Incoming Liberal premier Will Hodgman has vowed to give Tasmanians a brighter future with a decisive government.
“We’re not under any illusions of the size of the challenge ahead of us,” he told the tally room in Hobart, after winning 14 of the 25 seats following 16 years in opposition.
“But we’re very confident we can give Tasmania a brighter future and a strong stable majority government that this state needs to unlock the potential of Tasmania, that we are no longer seen as second rate or second best.”
He thanked all those who had voted for the Liberal party – including traditional Labor supporters – and vowed to deliver.
“Make no mistake that Tasmanians tonight have voted for a change in direction and that is what we intend to deliver.
“We will be decisive and we will not adopt a business as usual approach.
“We are ready to govern this state and to give it a sense of purpose, some certainty and some confidence that there is a brighter future for this state.”
He said he had spoken to ousted premier Lara Giddings, and paid tribute to her the job she had done over the past three years.
“I know she has never given anything but her full commitment to the job of being premier of our state,” he said.
Mr Hodgman has led the party to victory at his second attempt and will become the first Liberal premier of the state since Tony Rundle.
Premier Lara Giddings conceded the election to the Liberals on Saturday night.
“We do have to accept that after 16 years Tasmanians today have voted for a change,” she told the tally room.
Ms Giddings said she had spoken to Mr Hodgman and congratulated him on his victory.
“I’m only sorry for you that your father Michael and mother Marion cannot be here to see you become the 45th premier of Tasmania,” she said.
“It is a great honour and a great privilege lead this beautiful and great state of ours.”
She said the Labor opposition would hold the Liberal government to account.
Polls had predicted a bloodbath for Labor, who shared power with the Greens for the past four years, and experts were calling the result with barely 10 per cent of the vote counted.
Labor was hard hit in the north and the Greens had also lost electoral support.
Under Tasmania’s unique Hare-Clark electoral system, where five members are elected in each seat, the Liberals needed to pick up three for a majority in the 25-seat lower house.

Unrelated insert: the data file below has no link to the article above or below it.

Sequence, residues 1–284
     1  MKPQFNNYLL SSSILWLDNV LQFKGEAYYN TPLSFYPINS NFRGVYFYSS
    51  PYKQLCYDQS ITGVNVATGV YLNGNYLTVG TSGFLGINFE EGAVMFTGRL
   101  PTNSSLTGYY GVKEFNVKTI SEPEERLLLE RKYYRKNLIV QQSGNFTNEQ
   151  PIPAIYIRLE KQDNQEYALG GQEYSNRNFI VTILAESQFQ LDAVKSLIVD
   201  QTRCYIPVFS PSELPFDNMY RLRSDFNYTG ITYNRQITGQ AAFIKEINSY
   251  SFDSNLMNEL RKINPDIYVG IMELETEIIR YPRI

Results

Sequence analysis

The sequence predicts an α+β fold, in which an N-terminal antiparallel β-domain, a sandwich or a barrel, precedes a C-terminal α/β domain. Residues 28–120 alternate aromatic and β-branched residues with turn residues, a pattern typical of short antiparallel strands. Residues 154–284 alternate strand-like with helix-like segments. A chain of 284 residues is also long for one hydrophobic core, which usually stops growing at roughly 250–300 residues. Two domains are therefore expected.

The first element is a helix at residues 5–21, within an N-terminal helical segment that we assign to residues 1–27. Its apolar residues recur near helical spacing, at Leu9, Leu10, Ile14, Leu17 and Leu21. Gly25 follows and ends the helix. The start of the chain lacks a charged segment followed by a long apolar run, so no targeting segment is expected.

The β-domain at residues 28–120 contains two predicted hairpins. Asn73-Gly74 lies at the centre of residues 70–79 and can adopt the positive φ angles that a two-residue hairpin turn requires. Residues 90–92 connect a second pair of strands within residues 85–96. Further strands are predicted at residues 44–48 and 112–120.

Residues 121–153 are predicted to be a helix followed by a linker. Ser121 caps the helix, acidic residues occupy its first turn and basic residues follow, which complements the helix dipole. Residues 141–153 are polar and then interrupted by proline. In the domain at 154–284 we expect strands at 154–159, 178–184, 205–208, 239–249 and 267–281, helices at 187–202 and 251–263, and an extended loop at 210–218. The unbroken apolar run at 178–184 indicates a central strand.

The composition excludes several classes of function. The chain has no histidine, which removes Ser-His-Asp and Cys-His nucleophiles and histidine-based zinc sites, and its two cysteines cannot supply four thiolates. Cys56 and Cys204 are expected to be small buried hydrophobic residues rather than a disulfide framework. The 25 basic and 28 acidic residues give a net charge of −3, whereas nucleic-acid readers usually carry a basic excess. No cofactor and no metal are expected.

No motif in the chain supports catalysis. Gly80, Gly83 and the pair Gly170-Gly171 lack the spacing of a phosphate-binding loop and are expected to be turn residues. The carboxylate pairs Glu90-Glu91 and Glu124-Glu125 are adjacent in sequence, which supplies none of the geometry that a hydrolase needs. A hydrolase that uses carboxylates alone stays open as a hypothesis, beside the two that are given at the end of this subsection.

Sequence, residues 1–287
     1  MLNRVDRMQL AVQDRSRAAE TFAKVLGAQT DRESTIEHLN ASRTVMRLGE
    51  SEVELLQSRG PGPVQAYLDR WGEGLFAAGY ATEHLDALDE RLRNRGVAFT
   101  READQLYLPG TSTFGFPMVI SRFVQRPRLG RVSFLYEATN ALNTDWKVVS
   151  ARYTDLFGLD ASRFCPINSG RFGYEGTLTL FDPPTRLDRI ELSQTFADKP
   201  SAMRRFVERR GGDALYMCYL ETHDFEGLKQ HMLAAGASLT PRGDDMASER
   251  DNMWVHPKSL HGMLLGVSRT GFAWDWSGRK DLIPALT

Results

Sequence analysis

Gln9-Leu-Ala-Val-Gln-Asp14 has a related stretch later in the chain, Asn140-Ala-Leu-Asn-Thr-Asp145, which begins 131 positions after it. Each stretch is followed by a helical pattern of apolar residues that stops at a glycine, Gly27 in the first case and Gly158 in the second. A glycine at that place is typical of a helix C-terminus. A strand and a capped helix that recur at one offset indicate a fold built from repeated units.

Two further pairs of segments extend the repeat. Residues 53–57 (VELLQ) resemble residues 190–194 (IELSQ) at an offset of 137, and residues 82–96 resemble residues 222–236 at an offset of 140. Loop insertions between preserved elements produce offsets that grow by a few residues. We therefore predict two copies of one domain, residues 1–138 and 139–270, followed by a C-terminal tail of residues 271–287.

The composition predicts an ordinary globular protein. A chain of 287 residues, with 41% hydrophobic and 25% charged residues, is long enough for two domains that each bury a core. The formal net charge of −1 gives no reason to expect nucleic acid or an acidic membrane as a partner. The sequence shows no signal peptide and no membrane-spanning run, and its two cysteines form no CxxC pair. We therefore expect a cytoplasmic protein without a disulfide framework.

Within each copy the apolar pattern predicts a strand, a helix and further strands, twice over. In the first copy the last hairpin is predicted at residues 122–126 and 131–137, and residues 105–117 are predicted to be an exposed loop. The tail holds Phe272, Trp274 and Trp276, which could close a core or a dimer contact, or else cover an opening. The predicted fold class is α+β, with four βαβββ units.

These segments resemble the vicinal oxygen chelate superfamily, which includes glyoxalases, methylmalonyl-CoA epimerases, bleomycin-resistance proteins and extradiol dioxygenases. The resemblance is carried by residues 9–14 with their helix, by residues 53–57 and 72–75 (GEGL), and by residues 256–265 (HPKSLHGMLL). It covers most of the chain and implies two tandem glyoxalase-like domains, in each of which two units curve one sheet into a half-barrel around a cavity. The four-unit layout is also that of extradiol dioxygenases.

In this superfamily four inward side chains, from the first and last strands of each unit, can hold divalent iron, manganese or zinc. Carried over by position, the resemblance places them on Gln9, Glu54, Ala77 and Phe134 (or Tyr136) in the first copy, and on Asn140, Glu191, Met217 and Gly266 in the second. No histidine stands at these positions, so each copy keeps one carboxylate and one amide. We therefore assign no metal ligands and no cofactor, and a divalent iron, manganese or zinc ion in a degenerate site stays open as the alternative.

They looked set to win 14, while Labor had won five, the Greens two with four still in doubt.
But in the popular vote it was a landslide, the Liberals claiming at least 53 per cent, a swing of 14, and Mr Hodgman the highest personal tally of any candidate.
It runs in the family
The 44-year-old father of three young children comes from a long line of Hodgmans involved in Tasmanian politics, but will be the family’s first premier.
His late father Michael was a popular Fraser government minister and state politician.
His grandfather Bill Hodgman and uncle Peter were also members of the state parliament.
The Liberals have promised boosts to health and education as well as the axing of 500 public service positions and budget savings of $500 million.
But they confront unemployment of 7.3 per cent, the nation’s highest, and a budget blowout of $450 million over the forwards estimates.
Also in Mr Hodgman’s electorate of Franklin, Ms Giddings looked likely to hold her seat but leadership hopeful David O’Byrne was under threat.
“Tough night for the Greens”
Greens leader Nick McKim also looked safe, but acknowledged his party performed poorly at Saturday’s election.
“Yes, it has been a tough night for the Greens but we have been in tough places before. Just wait, in 2018, the Greens will be back,” he told the tally room in Hobart.
He said he had considered his future after the result, but was committed to continuing the fight.
“While we have a Liberal government in Canberra and a Liberal government here in Tasmania, the Greens will be there to hold those governments to account,” he said.
“We will stand strong for Tasmania, we will stand strong for the future.”
He said, with Liberal governments in Tasmania and federally, “it is more important than ever that we have a strong Green voice in our parliament and we will have”.